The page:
President Trump abruptly canceled on Thursday the highly anticipated summit meeting with Kim Jong-un, the leader of North Korea, that was scheduled to take place on June 12. In a letter to Mr. Kim announcing his decision, Mr. Trump wrote, “The world, and North Korea in particular, has lost a great opportunity for lasting peace.”
On today’s episode:
• Mark Landler, who covers the White House for The New York Times.
• Mr. Trump announced his decision to call off the summit meeting in a strikingly personal letter that contained mixed messages, both raising the possibility of military action against the North and leaving the door open for a future diplomatic encounter between the two men.
• The announcement came hours after North Korea appeared to destroy its only known nuclear test site in a spectacle that was attended by foreign journalists and was meant to be a sign of good faith ahead of the meeting with Mr. Trump.
• North Korea responded in a carefully worded statement that it remained “willing to sit down with the United States any time, in any format, to resolve the problems.”
John R. Bolton, President Trump’s new national security adviser, has said that negotiations with North Korea should follow “the Libya model.” Now, North Korea is threatening to call off the planned summit meeting with Mr. Trump. What risks does the Libya model hold for Kim Jong-un?
On today’s episode:
• Mark Landler, a White House correspondent for The New York Times.
• In a statement released on Wednesday, North Korea’s vice foreign minister threatened to cancel scheduled talks with President Trump if the United States continues to insist on complete nuclear abandonment.
• The statement repeatedly cites the example of Libya, whose former leader, Col. Muammar el-Qaddafi, agreed in 2003 to forfeit the country’s nuclear capability in the hope of economic integration with the West. Colonel Qaddafi was captured and killed by rebel forces after the United States and its allies launched airstrikes in Libya in 2011.
• According to administration and foreign officials, President Trump has been seeking advice from his aides and allies, including from President Moon Jae-in of South Korea, about whether he should proceed with the talks with Kim Jong-un at the risk of political embarrassment.
The time and place for a historic meeting between the president of the United States and the leader of North Korea have been set. Does President Trump deserve credit for the diplomatic breakthrough on the Korean Peninsula?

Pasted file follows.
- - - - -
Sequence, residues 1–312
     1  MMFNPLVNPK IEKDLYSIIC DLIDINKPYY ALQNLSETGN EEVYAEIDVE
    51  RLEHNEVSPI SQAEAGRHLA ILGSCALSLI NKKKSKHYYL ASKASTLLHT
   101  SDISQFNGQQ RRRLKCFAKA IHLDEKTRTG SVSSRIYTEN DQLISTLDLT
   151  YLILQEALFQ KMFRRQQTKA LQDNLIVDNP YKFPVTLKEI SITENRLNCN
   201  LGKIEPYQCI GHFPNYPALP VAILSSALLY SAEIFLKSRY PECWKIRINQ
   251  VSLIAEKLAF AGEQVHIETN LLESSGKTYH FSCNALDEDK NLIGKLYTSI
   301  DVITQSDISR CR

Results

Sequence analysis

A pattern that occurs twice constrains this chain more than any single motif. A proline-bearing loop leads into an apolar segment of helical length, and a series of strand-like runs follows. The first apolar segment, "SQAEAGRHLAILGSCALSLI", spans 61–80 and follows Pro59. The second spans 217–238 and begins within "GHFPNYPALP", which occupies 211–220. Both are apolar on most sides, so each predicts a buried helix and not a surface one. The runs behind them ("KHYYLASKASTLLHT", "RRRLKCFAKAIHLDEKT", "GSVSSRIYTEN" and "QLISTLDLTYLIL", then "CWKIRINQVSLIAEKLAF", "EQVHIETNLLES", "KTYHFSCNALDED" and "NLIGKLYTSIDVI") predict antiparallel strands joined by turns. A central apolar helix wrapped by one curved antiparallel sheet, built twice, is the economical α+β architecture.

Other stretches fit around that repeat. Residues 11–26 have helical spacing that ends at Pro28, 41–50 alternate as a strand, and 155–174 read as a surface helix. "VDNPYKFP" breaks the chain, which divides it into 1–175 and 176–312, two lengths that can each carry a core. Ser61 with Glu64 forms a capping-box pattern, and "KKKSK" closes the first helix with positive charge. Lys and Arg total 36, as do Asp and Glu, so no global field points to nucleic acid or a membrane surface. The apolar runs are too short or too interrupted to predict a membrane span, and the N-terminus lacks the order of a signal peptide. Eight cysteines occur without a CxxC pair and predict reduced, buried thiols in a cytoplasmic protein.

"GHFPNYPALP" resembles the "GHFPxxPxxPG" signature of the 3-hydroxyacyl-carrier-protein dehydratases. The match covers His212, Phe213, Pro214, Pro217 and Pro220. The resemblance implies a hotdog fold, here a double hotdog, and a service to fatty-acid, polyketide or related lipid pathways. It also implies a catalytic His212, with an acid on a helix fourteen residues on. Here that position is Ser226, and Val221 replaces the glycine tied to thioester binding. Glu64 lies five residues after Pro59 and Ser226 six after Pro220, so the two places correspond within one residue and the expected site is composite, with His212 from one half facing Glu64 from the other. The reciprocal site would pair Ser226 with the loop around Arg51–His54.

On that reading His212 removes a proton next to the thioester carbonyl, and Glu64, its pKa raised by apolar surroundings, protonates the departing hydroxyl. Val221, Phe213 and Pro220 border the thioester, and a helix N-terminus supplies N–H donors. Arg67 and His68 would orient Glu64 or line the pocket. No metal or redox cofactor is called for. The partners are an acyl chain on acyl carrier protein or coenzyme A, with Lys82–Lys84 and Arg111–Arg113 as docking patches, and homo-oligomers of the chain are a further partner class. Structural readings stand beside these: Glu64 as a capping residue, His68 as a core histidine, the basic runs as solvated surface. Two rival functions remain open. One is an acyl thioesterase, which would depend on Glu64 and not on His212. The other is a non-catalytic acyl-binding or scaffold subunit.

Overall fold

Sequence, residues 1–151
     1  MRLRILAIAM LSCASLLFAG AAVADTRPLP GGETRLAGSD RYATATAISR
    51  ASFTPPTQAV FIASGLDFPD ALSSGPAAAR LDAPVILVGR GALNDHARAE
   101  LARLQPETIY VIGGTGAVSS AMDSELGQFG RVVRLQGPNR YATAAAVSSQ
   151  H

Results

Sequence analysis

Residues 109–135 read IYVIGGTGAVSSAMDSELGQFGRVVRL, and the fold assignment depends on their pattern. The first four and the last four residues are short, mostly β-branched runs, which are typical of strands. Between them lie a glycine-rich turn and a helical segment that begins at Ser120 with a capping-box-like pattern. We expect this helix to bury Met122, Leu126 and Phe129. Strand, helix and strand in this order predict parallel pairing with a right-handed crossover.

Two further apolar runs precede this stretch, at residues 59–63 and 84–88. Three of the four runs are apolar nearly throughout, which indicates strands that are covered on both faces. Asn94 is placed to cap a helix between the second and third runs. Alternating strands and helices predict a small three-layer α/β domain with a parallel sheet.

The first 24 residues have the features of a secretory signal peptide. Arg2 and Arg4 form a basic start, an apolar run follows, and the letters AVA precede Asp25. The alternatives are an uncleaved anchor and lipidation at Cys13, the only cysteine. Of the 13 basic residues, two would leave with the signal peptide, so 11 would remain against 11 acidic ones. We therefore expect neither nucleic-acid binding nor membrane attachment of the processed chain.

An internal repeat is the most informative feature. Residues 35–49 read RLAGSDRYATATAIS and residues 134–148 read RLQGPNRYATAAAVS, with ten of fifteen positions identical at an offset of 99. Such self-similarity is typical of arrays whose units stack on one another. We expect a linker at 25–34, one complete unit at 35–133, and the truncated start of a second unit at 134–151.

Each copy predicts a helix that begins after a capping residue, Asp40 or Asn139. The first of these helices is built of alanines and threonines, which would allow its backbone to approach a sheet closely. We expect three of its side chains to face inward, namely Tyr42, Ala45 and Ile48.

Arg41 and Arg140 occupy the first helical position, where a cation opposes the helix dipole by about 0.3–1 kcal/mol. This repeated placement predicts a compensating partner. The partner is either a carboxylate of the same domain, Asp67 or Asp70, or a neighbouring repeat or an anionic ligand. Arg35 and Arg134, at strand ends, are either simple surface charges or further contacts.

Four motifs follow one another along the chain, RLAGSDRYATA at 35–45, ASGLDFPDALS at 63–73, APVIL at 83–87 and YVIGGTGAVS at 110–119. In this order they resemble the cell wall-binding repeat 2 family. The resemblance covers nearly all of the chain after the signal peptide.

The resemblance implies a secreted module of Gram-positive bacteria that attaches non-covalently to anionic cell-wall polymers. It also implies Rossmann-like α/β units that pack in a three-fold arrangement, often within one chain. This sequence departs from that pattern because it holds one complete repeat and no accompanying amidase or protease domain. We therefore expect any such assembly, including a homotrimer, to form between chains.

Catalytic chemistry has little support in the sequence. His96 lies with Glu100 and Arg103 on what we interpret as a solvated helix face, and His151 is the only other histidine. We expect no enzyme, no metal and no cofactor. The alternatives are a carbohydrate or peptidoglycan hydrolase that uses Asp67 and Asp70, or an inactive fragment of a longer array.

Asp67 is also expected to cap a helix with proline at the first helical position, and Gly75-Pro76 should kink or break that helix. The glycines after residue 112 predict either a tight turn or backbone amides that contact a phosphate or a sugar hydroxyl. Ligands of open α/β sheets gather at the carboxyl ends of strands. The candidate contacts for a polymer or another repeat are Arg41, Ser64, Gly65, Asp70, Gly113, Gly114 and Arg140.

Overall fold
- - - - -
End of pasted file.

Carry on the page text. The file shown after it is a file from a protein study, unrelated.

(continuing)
On today’s episode:
• Nicholas Kristof, a New York Times columnist who writes about human rights and global affairs, and who has repeatedly traveled to North Korea for The Times.
• After the release of three American detainees in North Korea, President Trump confirmed on Thursday that he would meet with Kim Jong-un, the North’s leader, on June 12 in Singapore.
• North Korea has invited journalists from the United States and other countries to witness the dismantling of its underground nuclear test site before the summit meeting.
• It may now be possible to envision an era of peace with North Korea, but the odds that the North will forfeit its nuclear arsenal entirely are uncertain at best, Nicholas Kristof writes.
Does Trump get credit? He still hasn’t actually carried anything out yet. It’s even more ironic to be listening to this on the same day that they’re walking away from the table less than 10 days later. Nick Kristof should have held to his guns of doom and gloom.Syndicated copies to:
In a historic summit meeting, North and South Korea vowed to pursue a peace treaty to formally end the Korean War after more than 65 years. That could bring reunions for the thousands of families who have been separated since the war broke out.
On today’s episode:
• Sylvia Nam tells the story of her grandfather, who went to North Korea a few months after the Korean War started and never returned.
• At a summit meeting on Friday, the leaders of North and South Korea signed a joint statement affirming that “a nuclear-free Korean Peninsula” would be a common goal of the two countries.
• The South Korean government said on Sunday that Kim Jong-un, the North’s leader, had declared he would abandon his nuclear weapons if the United States agreed to sign a peace treaty and promised not to invade his country. Skeptics warn that North Korea has made similar pledges in the past.
A fascinating story…Syndicated copies to:
TOKYO — North Korean leader Kim Jong Un has declared that he will suspend nuclear and missile tests starting Saturday and that he will shut down the site where the previous six nuclear tests were conducted. The surprising announcement comes just six days before Kim is set to meet South Korean President Moon Jae-in, a precursor to a historic summit between Kim and President Trump. The U.S. president is set to meet Kim at the end of May or beginning of June, although a location has not yet been set.
How President Trump threw aside caution and agreed to meet with North Korea’s Kim Jong-un in a daring and risky diplomatic gambit to end a nuclear standoff.
It kills me that a year and change in, they still can’t get their act together to coordinate major moves like this. Our country is not a race car that stops on a dime or turns very quickly. Trump may want it to, but it’s not going to do it easily. He’s also likely to destroy a lot of value in our economies by playing bull in the china shop.
I’m still astounded that he’s managed to keep any businesses afloat when making snap decisions like this. It’s really his family’s incredible wealth that in large part has prevented him from reverting to the mean over his lifetime. I can only imagine what additional damage he might do if he actually had any executive capabilities.
If I were his Secretary of State, I’d be resigning and then doing some additional speaking out of school.Syndicated copies to: